5-year fight removes less than 1% of phosphorus from Lake Winnipeg basin – Manitoba

After five years and millions of dollars spent, a federal program aimed at improving the health of Manitoba’s biggest lake has barely made a dent in the levels of phosphorus fuelling toxic blue-green algae blooms.

Now, water scientists and activists want the federal and provincial governments to take a more targeted approach to healing the beleaguered Lake Winnipeg.

Alexis Kanu, executive director of the Lake Winnipeg Foundation, said many members reported seeing algae blooms on the lake this year.

“It’s been a really difficult summer and sad for many, but I think it’s galvanized folks, that they want to see action and they want to see some meaningful change on the lake,” said Kanu.

After spending $18 million, the amount of phosphorus entering the lake fell by less than 1%.
– Lake Winnipeg Basin Initiative report 

In June, Environment and Climate Change Canada published a final report of the second phase of the Lake Winnipeg Basin Initiative. The report concluded that after spending $18 million between 2012 and 2017, the amount of phosphorus entering the lake fell by less than one per cent.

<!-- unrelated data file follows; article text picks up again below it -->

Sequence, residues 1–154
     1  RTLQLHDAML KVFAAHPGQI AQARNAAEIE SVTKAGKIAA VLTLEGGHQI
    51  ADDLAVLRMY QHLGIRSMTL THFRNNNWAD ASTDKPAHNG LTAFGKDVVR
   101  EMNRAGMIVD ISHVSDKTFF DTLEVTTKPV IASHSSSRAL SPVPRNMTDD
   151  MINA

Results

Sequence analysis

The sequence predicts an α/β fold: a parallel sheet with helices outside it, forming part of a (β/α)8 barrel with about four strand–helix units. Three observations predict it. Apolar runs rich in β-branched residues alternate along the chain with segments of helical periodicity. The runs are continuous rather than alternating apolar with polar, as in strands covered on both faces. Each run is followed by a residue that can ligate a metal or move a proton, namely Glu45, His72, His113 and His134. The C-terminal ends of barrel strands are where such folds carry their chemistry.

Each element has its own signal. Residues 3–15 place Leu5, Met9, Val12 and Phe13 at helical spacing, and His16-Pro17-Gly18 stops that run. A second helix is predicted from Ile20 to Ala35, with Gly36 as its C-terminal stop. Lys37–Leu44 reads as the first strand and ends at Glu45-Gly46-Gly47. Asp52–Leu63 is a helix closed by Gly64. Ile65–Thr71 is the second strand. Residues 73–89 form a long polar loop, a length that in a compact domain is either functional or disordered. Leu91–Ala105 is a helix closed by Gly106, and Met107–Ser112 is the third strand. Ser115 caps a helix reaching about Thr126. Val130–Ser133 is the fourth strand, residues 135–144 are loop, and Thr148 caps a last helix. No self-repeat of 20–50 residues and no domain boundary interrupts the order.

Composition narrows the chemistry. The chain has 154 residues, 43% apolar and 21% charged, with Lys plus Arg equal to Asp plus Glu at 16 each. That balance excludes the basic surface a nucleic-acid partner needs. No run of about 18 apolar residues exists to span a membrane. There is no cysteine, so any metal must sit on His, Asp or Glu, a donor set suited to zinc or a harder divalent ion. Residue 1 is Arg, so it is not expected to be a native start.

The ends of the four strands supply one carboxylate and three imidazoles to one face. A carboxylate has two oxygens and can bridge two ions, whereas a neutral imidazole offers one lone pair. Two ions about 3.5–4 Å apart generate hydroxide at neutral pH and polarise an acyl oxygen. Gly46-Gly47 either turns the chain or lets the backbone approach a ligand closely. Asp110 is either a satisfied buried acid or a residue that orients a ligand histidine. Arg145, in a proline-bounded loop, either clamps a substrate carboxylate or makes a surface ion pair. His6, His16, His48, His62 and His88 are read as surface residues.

“It’s surprising. I had to read that line a couple of times, because we’re talking about five years of effort and achieving a reduction of less than one per cent of what goes into the lake every year,” Kanu said.

Phosphorous feeds the growth of blue-green algae, which can choke out animal life by reducing oxygen. It also releases toxins that can cause illness and even death in animals and humans.

While reducing phosphorus loads into the lake by less than one per cent might not seem significant, one aquatic ecologist said it’s cause for cautious optimism. 

“It is a sort of symbolic improvement in that it could have been an increase,” said Gordon Goldsborough, a professor at the University of Manitoba.

Many of the human practices driving the phosphorus levels in the watershed are deeply entrenched and will take generations to change, Goldsborough said.

“So to see even a small decrease is, I think, impressive. I would have predicted that we would see no decrease and in fact might have seen an increase.”

Targeted approach needed

The report also found that more evidence is needed to find out what actions will have the greatest impact.

This picture taken in July 2010 shows blue-green algae appearing on beaches in the south basin of Lake Winnipeg. (CBC)

The report attributes more than half of the reduction in phosphorous flowing into…

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